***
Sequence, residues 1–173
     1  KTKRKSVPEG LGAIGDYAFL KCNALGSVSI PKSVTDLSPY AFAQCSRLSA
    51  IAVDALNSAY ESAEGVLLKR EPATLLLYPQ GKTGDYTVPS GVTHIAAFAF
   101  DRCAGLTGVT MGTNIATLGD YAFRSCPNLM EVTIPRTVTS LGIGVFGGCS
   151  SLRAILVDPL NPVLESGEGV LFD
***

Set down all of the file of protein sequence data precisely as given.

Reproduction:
Sequence, residues 1–173
     1  KTKRKSVPEG LGAIGDYAFL KCNALGSVSI PKSVTDLSPY AFAQCSRLSA
    51  IAVDALNSAY ESAEGVLLKR EPATLLLYPQ GKTGDYTVPS GVTHIAAFAF
   101  DRCAGLTGVT MGTNIATLGD YAFRSCPNLM EVTIPRTVTS LGIGVFGGCS
   151  SLRAILVDPL NPVLESGEGV LFD